• Briggs and McKinnie were the leading state “sit-in” cases in the mountain South.  In Briggs, which involved a 1961 ____ sit-in in __, Arkansas’s supreme court upheld constitutional challenges to the breach-of-the-peace ordinances under which the protesters had been charged, reasoning that they were racially neutral on their face, but it overturned the protestors’ convictions:  the court concluded that because they had scrupulously observed their code of non-violence, they could not be blamed for the disturbance they caused by attracting opponents to the scene.  Justice __, who dissented, warned that the majority was effectively shackling police ability to preserve order and was giving protesters a tool which, used repeatedly, would force segregated stores out of business.  In McKinnie, which involved a [yr] [place] sit-in in ____, Tennessee’s supreme court reached an opposite result because the protesters had physically forced their way in to the store.  Both cases reached the U.S. Supreme Court after the 1964 Civil Rights Act was passed, and the Court overturned all convictions because all such segregation was now outlawed.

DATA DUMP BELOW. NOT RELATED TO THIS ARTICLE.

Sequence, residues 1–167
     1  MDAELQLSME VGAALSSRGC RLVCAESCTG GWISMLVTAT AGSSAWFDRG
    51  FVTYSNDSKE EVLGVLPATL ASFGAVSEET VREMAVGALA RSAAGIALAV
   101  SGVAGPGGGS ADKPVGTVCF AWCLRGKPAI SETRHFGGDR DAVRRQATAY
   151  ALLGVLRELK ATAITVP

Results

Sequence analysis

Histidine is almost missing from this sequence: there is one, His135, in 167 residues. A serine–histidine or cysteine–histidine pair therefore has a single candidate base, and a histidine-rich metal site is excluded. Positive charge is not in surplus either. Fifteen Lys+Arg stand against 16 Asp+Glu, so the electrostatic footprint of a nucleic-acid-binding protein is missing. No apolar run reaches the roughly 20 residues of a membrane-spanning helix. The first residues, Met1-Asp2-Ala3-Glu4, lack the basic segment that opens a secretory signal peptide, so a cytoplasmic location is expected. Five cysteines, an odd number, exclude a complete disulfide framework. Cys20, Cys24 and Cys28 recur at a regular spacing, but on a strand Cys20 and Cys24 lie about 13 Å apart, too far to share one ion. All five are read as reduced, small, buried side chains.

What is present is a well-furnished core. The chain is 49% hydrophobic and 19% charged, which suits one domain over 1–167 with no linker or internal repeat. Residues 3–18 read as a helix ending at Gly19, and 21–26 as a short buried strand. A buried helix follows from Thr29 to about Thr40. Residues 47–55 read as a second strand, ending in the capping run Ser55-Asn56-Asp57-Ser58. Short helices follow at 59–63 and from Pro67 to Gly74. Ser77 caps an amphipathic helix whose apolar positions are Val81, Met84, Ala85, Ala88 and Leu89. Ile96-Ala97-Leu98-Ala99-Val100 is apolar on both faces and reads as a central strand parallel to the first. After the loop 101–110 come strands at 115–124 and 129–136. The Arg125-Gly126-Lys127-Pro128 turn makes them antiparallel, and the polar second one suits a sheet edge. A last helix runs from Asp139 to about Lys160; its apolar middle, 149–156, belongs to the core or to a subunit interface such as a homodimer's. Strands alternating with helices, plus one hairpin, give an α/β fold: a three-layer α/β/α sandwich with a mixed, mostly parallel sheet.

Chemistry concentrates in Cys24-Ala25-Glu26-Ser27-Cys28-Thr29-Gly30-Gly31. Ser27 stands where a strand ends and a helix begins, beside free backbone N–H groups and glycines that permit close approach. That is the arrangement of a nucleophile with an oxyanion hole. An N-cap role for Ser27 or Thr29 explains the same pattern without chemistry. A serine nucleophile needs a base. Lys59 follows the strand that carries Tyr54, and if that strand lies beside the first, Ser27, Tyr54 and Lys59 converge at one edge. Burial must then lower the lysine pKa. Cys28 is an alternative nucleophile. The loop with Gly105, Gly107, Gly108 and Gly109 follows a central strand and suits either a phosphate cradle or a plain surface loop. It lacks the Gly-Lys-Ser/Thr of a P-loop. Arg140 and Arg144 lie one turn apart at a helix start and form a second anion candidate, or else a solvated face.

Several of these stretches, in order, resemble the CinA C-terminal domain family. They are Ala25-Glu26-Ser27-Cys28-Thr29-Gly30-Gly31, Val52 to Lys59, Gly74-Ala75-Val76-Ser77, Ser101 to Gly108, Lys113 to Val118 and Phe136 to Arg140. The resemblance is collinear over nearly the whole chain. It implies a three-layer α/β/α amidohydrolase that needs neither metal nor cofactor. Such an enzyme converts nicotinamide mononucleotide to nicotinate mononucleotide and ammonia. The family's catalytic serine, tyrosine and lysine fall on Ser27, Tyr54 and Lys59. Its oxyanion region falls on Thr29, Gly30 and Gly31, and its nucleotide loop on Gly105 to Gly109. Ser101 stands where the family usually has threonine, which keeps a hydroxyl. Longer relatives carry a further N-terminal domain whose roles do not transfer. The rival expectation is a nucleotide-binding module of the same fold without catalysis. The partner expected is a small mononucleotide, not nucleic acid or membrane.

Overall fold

“The mere fact that the exercise of a lawful right may result in a disturbance or breach of the peace does not make the exercise of that right a violation of the law so long as the right is exercised in a peaceful manner and without force or violence or threats of same.  … [But] to hold [that black patrons have a right to be served] would be to employ judicial fiat to coerce unwilling lunch counter operators to afford service to patrons they do not want and did not seek.” – Justice ___, in Briggs